The aim of the study was to evaluate the diagnostic value and performance of a new IIF test to detect antibodies against BP180 and BP230 in relation to the ELISA method. Specifically, ELISA has many advantages: it is a minimally invasive technique, it allows performing the analysis of multiple samples simultaneously and in a limited time, it is an easily reproducible method, and it provides a quantitative analysis [11
]. A limitation of the ELISA method is that the recombinant proteins used may not contain all of the epitopes present in vivo. A final disadvantage is the high cost of the method.
The BIOCHIP technique has proved to be a specific and sensitive diagnostic alternative to the ELISA diagnosis of BP [10
]. A BIOCHIP mosaic, prepared using different tissue sections, cell substrates or antigenic molecules, requires only a simple antibody incubation to obtain a detailed profile, so it is possible to search simultaneously different antibodies directed against different organs or infectious agents. Some of the advantages of the BIOCHIP technology include the possibility to analyse simultaneously several serum samples, the short time necessary for performing test (about 100 minutes), the easy interpretation of results which are interpreted visually and does not require spectrophotometric equipment, making it possible also in small laboratories. Furthermore all incubation steps proceed at room temperature and there is low reagent consumption: only 50μ
L each of diluted serum and reagent are needed per test field. Finally, unlike ELISA, in which we have specific kits for a single parameter, with this new IIF based test, there may be more parameters in a single session using only one kit. Therefore the BIOCHIP method is fairly cheap compared to the ELISA methods although we have not yet made a detailed cost analysis. The main disadvantage of BIOCHIP technique against ELISA is the fact that it does not provide a quantitative value.
Although our study was based on a relatively small group of patients, our results were comparable with previous investigations [10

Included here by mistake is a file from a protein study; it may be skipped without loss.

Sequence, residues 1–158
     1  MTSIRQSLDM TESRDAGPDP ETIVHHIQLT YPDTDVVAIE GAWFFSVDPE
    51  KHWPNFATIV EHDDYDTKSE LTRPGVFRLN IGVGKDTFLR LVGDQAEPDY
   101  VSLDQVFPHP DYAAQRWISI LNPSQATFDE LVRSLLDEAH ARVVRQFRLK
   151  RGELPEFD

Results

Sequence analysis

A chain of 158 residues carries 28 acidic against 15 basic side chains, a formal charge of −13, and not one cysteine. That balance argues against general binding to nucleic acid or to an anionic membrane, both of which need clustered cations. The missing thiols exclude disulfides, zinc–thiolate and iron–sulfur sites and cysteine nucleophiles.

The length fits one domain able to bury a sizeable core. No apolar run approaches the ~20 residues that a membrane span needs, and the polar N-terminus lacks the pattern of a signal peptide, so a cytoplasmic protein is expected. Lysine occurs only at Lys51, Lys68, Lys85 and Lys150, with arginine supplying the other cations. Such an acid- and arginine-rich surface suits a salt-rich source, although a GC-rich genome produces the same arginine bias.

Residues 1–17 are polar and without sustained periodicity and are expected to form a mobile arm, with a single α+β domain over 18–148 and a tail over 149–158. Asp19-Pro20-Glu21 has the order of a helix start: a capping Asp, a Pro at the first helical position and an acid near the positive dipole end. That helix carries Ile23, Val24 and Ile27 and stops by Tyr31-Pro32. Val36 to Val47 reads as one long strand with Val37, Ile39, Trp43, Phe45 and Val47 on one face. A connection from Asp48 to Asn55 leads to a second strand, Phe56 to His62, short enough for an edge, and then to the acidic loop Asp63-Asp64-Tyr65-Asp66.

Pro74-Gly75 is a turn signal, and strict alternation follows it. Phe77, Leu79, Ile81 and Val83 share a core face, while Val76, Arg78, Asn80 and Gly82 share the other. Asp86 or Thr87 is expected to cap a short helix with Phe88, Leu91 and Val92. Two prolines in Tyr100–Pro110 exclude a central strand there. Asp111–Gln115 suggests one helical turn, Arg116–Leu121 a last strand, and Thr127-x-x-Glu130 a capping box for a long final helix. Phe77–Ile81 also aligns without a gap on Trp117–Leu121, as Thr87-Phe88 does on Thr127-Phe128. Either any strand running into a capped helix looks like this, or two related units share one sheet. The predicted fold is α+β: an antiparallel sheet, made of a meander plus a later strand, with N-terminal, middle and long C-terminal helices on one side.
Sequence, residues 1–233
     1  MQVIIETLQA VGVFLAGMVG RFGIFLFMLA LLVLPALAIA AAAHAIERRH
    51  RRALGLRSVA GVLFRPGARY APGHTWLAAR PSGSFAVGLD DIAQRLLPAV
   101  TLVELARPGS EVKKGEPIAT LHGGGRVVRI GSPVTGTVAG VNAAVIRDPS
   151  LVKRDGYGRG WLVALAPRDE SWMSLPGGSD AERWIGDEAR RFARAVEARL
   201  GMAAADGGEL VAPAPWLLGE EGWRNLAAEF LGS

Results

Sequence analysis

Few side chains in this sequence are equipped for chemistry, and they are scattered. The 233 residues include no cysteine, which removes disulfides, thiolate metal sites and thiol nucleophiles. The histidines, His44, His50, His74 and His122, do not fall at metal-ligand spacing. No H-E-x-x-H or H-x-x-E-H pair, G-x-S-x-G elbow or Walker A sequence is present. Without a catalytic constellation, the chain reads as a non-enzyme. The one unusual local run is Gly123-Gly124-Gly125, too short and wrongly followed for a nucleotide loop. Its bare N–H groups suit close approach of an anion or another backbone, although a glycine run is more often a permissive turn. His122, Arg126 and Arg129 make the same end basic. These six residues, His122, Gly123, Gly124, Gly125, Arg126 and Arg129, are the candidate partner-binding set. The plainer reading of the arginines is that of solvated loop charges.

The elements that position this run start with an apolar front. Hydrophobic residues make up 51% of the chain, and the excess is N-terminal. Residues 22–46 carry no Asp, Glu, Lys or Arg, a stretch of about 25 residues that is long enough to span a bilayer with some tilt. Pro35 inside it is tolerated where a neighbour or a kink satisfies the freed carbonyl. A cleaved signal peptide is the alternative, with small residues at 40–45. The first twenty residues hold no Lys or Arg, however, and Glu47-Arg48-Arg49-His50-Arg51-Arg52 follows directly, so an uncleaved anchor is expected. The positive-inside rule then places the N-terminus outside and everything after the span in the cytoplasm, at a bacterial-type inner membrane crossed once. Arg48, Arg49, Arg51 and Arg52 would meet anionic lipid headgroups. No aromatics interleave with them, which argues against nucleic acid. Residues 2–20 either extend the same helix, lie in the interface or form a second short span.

]. Taken together, these cumulative findings indicate that, in the determination of autoantibodies to BP180, the diagnostic specificity of the BIOCHIP method was almost comparable to the ELISA [10
], whereas in the detection of anti-BP230-gC the diagnostic sensibility for BP230 was slightly reduced [10
]. These data indicate that BIOCHIP method may replace the classical IIF, which can be considered outdated in some ways. Using several BIOCHIPs coated with different substrates side by side on one and the same reaction field, antibodies against different skin target structures can be investigated simultaneously, notably BP180, BP230, DSG1, and DSG3. Therefore, this new immunoassay can be used as an excellent screening test for patients with suspected autoimmune bullous skin disease, preserving the more expensive ELISA test in doubtful cases.
In conclusion, the novel BIOCHIP described here is a flexible, specific, and sensitive alternative to detect autoantibodies by IIF and ELISA in the diagnostic workup of BP. This new method can not only be applied to the diagnosis and screening of BP, but also enrich the serological diagnosis of other autoimmune diseases by additional parameters. The BIOCHIP technology proved to be a valuable complementary diagnostic tool, for the simplicity of execution, low cost, and high sensitivity.